Posted Saturday, December 26, 2020 in Interesting Links
Welp, that's a nail in the coffin of centos. I guess redhat decided they weren't getting their fair share of value out of the centos project and are instead going with this publicly sourced testing for RHEL.
A simple self-hosted streaming site. I think most would probably just use a conferencing solution like teams or a self-hosted alternative to just share a desktop, but the missing vod and presentation only type of streaming isn't really there on these platforms.
Another serialization format. You're limited here to C# and typescript, but if that's all that's needed there's some interesting improvements here. I'm not much of a frontend dude myself, so I'd likely not have a setup that requires this, but I like to know my options when thinking about a new distributed system.
One of the answers to RedHat's centos move. The main selling point here seems to be that it has the support of one of the original centos founders. Although, for me, it seems like a strong organization backing the project would be preferable. So Canonical's ubuntu is probably going to be the server of choice for me moving on.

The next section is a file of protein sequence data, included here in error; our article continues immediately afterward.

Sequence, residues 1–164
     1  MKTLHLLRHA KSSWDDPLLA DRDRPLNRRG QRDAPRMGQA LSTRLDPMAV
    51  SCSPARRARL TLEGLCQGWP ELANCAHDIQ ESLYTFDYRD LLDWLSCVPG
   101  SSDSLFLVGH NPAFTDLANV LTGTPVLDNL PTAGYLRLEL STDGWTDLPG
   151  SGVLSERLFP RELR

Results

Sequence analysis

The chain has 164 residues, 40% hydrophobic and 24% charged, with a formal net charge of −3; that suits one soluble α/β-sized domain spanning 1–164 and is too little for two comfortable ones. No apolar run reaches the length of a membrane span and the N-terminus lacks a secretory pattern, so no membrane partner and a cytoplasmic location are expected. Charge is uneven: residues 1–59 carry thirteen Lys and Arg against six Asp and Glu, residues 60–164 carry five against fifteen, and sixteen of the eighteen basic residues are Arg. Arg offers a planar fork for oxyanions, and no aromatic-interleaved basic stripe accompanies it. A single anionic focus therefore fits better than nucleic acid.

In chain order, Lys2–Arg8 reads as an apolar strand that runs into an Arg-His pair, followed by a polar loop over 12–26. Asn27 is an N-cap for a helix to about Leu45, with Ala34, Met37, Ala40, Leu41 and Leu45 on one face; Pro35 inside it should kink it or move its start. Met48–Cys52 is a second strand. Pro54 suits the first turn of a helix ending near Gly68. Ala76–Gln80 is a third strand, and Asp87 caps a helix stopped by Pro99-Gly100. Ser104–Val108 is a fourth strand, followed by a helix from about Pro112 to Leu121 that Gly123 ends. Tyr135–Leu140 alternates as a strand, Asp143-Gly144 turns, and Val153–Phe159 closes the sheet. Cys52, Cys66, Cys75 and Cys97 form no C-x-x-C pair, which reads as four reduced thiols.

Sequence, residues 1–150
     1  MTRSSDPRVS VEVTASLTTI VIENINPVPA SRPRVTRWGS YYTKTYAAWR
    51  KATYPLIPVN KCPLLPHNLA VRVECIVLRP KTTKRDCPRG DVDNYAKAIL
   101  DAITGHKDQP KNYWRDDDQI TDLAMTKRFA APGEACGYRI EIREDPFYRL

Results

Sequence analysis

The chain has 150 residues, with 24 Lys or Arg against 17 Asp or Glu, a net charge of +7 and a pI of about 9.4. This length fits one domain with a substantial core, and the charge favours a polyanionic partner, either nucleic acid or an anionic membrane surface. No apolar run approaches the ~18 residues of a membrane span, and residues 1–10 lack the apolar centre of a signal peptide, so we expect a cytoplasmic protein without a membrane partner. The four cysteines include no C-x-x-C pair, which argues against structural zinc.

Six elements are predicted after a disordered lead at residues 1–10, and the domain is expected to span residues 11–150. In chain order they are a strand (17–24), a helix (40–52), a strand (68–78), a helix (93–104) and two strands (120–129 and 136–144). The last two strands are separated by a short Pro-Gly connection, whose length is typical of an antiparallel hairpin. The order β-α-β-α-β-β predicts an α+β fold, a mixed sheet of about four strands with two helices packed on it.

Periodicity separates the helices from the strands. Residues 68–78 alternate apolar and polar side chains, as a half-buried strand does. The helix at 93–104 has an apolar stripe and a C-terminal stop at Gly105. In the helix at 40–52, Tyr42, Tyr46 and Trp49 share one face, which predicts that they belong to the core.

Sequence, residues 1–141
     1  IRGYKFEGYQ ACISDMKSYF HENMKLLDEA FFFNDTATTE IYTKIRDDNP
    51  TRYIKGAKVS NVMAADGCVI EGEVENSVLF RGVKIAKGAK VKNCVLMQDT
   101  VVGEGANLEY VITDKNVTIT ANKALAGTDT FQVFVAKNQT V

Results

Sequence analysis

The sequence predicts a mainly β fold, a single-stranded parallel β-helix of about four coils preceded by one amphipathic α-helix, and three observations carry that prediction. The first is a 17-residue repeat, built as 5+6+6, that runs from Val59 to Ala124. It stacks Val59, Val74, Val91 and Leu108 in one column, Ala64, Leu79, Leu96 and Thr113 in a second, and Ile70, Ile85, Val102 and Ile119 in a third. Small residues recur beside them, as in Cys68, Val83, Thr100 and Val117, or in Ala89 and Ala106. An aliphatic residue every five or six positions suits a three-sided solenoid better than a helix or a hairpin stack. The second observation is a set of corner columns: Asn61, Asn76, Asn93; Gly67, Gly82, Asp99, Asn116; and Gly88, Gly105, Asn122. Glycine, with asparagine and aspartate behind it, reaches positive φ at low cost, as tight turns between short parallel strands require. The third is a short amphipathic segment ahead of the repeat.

Pixielabs here appears to have an offering of tools built around the various eBPF syscalls in modern linux kernels. There's already plenty of open sourced tools here, such as BCC and gobpf, that helps with all the intermediate steps needed to call things such as uprobe which I believe needs an bpf program in assembly (or "an array of struct bpf_insn instructions) to pass to the kernel. It looks like there's a lot of interesting applications here for ebpf and is mostly just limited to the imagination. I did like this paper on using ebpf as a sort of selinux replacement.